December 2007

I speak fluent Italian and intermediate French and German, and I have learned elementary Mandarin Chinese and Urdu. My practical and theoretical research into language and translation fuels my fascination with boundary-lines, and more specifically with distinctions between the space inside artwork and the space outside. Making moving image and performance work and negotiating convincing contexts for documentation, screening and installation are central parts of my practice and they approach the core of these concerns. My writing and visual artwork sets out from the hypothesis of infinitely deferred meaning in language, as entailed by the post-structuralist suspicion of logocentric thought. I aim to quieten or flatten the propositional force of my visual and written work so that it resists definitive reading and hence closure, and to do this I have developed strategies of multilingualism, reiteration, translation and what I call ‘deference’: the text’s self-awareness of itself as text. This interplay between writing and visual artwork mirrors my negotiation of the ground between theory and practice in my work.

May 2007

I am trained as a linguist and translator and now work as a text, video and performance artist. A fascination with language and translation underlies my practice, which surfaces in the ungrammaticality, mistranslation and appropriation of the texts I find and write. My videos are characterised by juxtaposed texts, ill-fitting subtitles and confused narratives, which suggest the in-betweens of language, memory and understanding.

March 2007

I am trained as a linguist and have worked as a translator and language teacher. My fascination with ungrammaticality, mistranslation and appropriation continues to influence my artistic practice: my videos are characterized by juxtaposed texts, ill-fitting subtitles and confused narratives, which suggest the in-betweens of language and memory.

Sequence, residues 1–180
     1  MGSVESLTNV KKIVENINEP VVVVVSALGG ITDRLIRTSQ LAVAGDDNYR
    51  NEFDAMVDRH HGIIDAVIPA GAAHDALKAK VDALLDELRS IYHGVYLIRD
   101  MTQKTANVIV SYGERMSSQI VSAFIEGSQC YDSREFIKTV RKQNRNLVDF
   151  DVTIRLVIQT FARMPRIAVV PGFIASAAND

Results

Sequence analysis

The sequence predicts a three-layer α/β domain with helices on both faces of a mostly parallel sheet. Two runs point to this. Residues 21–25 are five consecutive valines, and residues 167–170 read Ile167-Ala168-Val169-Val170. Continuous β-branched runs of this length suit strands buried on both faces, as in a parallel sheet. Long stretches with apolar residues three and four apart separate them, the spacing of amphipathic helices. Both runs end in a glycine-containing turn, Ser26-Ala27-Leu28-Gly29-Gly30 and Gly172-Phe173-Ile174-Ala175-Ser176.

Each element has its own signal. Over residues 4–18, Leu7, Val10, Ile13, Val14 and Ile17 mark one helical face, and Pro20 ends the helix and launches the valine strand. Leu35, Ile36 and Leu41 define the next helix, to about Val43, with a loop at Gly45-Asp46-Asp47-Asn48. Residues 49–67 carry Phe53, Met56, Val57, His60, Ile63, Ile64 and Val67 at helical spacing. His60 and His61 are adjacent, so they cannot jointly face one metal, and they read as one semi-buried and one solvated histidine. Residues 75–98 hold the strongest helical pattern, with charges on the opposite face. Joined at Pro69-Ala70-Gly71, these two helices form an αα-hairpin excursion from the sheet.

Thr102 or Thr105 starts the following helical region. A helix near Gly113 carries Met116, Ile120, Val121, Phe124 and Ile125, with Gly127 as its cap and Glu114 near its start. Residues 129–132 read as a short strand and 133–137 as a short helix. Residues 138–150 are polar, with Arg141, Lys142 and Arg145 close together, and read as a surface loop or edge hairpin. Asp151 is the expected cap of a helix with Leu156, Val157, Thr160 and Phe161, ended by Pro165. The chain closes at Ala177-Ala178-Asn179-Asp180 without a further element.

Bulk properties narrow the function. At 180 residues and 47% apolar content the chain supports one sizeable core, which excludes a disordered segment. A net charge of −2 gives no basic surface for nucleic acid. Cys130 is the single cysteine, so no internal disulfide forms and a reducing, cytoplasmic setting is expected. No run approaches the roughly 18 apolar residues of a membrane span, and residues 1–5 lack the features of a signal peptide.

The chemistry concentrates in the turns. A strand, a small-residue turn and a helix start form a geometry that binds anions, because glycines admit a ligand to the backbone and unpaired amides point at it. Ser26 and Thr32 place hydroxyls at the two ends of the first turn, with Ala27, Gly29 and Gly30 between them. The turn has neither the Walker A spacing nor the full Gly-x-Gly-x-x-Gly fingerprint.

March 2007
A fascination with the structures and relationships of language and translation underlies my practice, which surfaces in the ungrammaticality, mistranslation and appropriation of my text, video and object work. In my most recent videos I work between research and intuition to extend my translation of words into things and videos.

September 2006

I am trained as a linguist and have worked as a translator and language teacher. My fascination with ungrammaticality, mistranslation and appropriation continues to influence my artistic practice: my videos are characterized by juxtaposed texts, ill-fitting subtitles and confused narratives, which suggest the in-betweens of language and memory. I work on a low budget and write, shoot and edit my videos myself.

May 2006

My work aims to question mainstream interpretations of things and words. Informed by translation theory and post-structuralist reluctance to settle, my found texts and objects create a language that rejects any definitive reading and offers a quiet, inquisitive interruption of authority. Recent work explores what becomes of a translation that has lost its original, and whether there can be such a thing as a translation with no original at all. Currently I am applying the same questions to found and created objects, interposing a floating middlespace in which the mind is disoriented and left to wander.